I’ve previously written in a general fashion on the topic of advancement of legal expenses here, but the Delaware Court of Chancery’s most recent opinion, in addition to being a unique read, provides additional insight and information on the topic for those looking to learn more.
On December 28, 2010, the Delaware Court of Chancery issued an oral opinion (Katzman v. Comprehensive Care Corp., No 5892-VCL), which can be read here in transcript form, regarding the often-overlooked and critical distinction between two entirely different legal concepts: advancements for legal expenses and indemnification. A portion of the transcript identifying the often-overlooked distinction reads:
. . .I’m going to start with a few basic principles of indemnification and advancement rights that don’t seem to be fully understood but which have [a] controlling impact on this case. The first is that indemnification and advancement are separate and distinct.
Transcript at p.4 ln 10-17 (emphasis added). The opinion goes on to further describe the numerous distinctions between the widely misunderstood, yet frequently intermingled, legal concepts.
In addition to expounding upon the significant distinctions between the two legal concepts, the Court also addresses when, during litigation, the right to advancement ends. Citing other opinions, the Delaware court made clear that advancement rights extend beyond the trial stage of litigation and include appeals: “An advancement right remains live until the final disposition of the claim on the merits. Final disposition includes the resolution of any appeal. Thus, advancement rights remain live through appeal.” See Transcript at p. 8 ln 16-23.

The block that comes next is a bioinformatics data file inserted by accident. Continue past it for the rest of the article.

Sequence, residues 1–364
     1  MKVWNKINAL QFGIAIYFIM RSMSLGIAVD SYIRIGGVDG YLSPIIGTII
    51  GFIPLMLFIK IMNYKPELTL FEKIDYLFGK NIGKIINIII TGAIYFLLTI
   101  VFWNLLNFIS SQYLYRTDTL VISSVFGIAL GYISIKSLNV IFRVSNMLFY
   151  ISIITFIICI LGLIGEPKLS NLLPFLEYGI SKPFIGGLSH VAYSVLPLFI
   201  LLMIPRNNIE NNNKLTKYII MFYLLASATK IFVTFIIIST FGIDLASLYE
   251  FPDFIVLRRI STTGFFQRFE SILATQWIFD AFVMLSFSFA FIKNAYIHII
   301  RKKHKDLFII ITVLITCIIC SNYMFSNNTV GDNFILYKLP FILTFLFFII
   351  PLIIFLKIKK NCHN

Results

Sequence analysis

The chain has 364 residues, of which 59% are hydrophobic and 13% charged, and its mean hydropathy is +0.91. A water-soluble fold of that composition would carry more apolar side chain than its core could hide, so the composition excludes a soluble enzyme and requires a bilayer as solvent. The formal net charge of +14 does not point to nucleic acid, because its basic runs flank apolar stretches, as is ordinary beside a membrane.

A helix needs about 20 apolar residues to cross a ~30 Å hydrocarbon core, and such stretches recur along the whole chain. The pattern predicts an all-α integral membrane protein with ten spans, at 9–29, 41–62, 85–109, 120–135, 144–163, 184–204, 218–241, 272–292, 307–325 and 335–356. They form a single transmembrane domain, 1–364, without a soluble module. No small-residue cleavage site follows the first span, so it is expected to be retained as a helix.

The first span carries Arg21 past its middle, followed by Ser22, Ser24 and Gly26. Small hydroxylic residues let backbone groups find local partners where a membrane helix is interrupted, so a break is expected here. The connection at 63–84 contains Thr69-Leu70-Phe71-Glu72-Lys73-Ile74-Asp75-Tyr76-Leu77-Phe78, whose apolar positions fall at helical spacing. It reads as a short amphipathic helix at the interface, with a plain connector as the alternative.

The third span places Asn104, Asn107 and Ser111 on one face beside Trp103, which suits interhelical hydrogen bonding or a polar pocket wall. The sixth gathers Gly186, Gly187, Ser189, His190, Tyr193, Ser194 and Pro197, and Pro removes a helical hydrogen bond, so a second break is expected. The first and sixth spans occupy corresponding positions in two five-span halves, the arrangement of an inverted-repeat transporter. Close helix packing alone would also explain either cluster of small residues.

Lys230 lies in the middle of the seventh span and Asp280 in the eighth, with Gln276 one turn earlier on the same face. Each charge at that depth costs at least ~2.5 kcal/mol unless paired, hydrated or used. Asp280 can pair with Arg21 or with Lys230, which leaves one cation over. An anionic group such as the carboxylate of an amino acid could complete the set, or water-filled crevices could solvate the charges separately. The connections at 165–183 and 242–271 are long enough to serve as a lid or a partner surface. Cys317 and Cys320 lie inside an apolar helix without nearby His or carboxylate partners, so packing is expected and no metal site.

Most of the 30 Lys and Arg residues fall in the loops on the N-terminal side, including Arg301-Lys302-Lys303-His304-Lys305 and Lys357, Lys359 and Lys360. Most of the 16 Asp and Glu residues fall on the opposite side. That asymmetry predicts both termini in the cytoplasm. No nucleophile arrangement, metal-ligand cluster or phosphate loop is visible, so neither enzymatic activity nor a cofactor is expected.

For those looking to learn more about advancement rights and relevant cases on the topic, the opinion is also helpful as it is full cites to several cases on the issue.
Finally, the opinion provides unique insight and instruction, from a judge’s point of view, regarding the filing of Rule 11 motions – a very interesting read. See Transcript at p. 13-17.
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